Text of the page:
Home » France » Living » Government, Politics and Legal Systems for Expats in France

Government, Politics and Legal Systems for Expats in France

Author: Jim Newham
Submitted: December 2013

Government and Politics

France is a democratic constitutional republic. The current constitution, which dates from 1958, outlines the functions of the executive, legislature and judiciary. The French government is semi-presidential, that is, both the president and the legislative are vested with some degree of power.

The head of state is the president, currently François Hollande (Socialist.) Since the constitution was enacted, the French president has enjoyed increasing power. He or she normally appoints the prime minister and the cabinet, and may dismiss parliament once a year. Also once a year, the president addresses a special Congrès of both houses of parliament.

The presidential election is by universal adult suffrage and takes place every five years. A president can serve for a maximum of two full terms, that is, ten years. The electoral system is first-past-the-post and consists of two rounds. A candidate who obtains an absolute majority in the first round is immediately declared president, though this has only happened once, in 1958. The two candidates with the most votes in the first round go through to a second round, meaning that many voters switch to a different candidate. The winner of this round is declared president.

The president is the head of the executive (the cabinet or ‘Council of Ministers’). He or she appoints cabinet members in consultation with the prime minster and sets out the scope of each cabinet member’s portfolio. Cabinet members are free to act within their portfolio as they see fit. They may not also be members of parliament; if a cabinet member is elected minister, they must hand over their former job to a special deputy (called an adjoint.)

The legislature, the parlement, is bicameral. The lower house, the National Assembly, has 577 seats.Members of the National Assembly (known as députés) are voted for in general elections which take place every five years. The National Assembly has precedence over the Senate if there is a dispute between the two houses.

After the parliamentary elections, the president appoints the prime minister. Since this appointment must be approved by parliament, the president normally chooses the leader of the largest party. The prime minister is head of the government and is in charge of internal policy.

The upper house, the Sénat, normally has 348 members, of whom 328 represent metropolitan France and 20 represent overseas dependencies and French people abroad. Senators retain their seats for six years. Half of the senators are elected every three years by an electoral college, which is mostly composed of municipal council delegates.

There are many political parties in France, from left-wing to centrist to right-wing to the alarmingly popular Front National. The most powerful at present are the Socialist Party (PS, centre-left) and the Union for a Popular Movement (UMP, centre-right.)

Until very recently, in the last decade or so, power in France was highly centralised, with virtually all the administrative functions performed in Paris. At present,  each of the 22 regions of France has its own regional council, which has any power over infrastructure, education, tourism and other areas.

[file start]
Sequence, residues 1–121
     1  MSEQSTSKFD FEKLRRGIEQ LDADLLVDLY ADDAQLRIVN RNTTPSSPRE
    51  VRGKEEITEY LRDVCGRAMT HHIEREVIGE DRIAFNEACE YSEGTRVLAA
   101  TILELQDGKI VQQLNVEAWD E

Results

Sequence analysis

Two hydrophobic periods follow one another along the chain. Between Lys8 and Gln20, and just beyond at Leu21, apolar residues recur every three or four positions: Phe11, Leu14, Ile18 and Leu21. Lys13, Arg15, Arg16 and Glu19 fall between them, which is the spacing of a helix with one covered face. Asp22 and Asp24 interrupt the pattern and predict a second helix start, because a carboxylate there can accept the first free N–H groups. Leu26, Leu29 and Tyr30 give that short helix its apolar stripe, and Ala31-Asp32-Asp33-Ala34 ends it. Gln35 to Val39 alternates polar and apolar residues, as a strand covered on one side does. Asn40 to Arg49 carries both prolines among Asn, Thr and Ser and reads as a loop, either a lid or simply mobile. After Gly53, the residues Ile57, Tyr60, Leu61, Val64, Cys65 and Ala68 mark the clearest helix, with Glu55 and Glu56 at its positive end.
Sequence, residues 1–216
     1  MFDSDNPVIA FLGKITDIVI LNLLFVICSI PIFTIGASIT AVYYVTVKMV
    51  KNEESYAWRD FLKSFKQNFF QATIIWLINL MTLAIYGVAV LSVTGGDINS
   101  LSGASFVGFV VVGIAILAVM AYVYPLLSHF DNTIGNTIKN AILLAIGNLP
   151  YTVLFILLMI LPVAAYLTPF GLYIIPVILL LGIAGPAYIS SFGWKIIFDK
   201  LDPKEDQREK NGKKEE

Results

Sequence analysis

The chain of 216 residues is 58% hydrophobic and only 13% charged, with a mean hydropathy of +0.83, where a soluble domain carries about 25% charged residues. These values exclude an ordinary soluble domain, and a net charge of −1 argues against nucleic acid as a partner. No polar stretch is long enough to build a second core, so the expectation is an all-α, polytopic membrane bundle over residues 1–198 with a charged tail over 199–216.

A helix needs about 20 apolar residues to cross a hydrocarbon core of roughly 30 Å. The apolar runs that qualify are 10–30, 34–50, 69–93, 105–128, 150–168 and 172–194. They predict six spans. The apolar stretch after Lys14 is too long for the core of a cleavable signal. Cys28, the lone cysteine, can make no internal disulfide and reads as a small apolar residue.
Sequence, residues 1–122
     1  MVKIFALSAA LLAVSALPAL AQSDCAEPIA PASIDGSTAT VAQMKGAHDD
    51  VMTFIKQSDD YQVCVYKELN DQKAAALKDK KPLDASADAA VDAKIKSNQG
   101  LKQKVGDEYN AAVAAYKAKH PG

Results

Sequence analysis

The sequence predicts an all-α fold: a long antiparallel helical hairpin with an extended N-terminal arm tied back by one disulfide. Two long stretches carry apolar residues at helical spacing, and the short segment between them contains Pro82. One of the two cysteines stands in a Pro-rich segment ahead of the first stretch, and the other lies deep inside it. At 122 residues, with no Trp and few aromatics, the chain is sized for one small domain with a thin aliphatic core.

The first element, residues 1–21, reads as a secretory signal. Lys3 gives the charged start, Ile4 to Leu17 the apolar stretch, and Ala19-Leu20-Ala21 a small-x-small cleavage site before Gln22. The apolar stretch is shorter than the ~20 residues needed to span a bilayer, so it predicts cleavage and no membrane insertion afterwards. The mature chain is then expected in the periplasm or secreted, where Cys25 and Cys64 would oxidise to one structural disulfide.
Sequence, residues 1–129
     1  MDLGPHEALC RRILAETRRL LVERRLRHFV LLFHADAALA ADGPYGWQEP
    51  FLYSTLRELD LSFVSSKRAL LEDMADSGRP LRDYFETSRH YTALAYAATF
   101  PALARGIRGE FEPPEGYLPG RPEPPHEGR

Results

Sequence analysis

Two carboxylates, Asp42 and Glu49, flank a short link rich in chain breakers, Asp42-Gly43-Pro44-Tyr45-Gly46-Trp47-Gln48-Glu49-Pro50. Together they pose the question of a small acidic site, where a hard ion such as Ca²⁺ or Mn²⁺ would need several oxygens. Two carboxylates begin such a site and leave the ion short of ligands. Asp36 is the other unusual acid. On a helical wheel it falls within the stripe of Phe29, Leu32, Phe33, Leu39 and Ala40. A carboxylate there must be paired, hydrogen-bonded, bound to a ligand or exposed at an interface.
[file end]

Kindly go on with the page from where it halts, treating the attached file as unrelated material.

Legal Systems

The French legal system is based on the Napoleonic code of 1804, which was an adaptation of Roman law and existing customs. This is one of the most influential legal documents in the history of the world. It has formed the basis of civil law for much of Europe, its former dependencies throughout the world, and many other countries. Since 1804, additional codes have been introduced, such as the Penal Code. New laws must pass through both houses of parliament to become enacted.

In France, the judiciary is kept completely separate from the legislative. There are two branches of the judiciary. Courts under the Public Law (Droit public) hear cases of litigation or other complaint against public institutions at administrative tribunals.

Meanwhile, Private Law (Droit privé) deals with normal civil litigation and criminal law. Private Law cases are heard in various courts and tribunals. Appeals against decisions reached in these courts are first head at the Cour d’Appel (Appeal Court.)  The ultimate court of appeal in France is called the Cour de Cassation.   It consists of six judges who are appointed by the president.



Moving to France

If you are considering moving to France or are soon to depart, you can find helpful information and advice in the Expat Briefing dedicated French section including; details of immigration and visas, French forums, French event listings and service providers in France.


Living in France

From your safety to shoppingliving in France can yield great benefits as well as occasional drawbacks.  Find your feet and stay abreast of the latest developments affecting expats in France with relevant news and up-to-date information.


Working in France

Working in France can be rewarding as well as stressful, if you don't plan ahead and fulfill any legal requirements. Find out about visas and passports, owning and operating a company in France, and general French culture of the labour market.

picture1 <


French Expat News Headlines

French Expat Service Providers

Global Tax Network (GTN) Mieu Phan Coaching Expat Financial Integra Global Expatriate Healthcare

French Expat Tools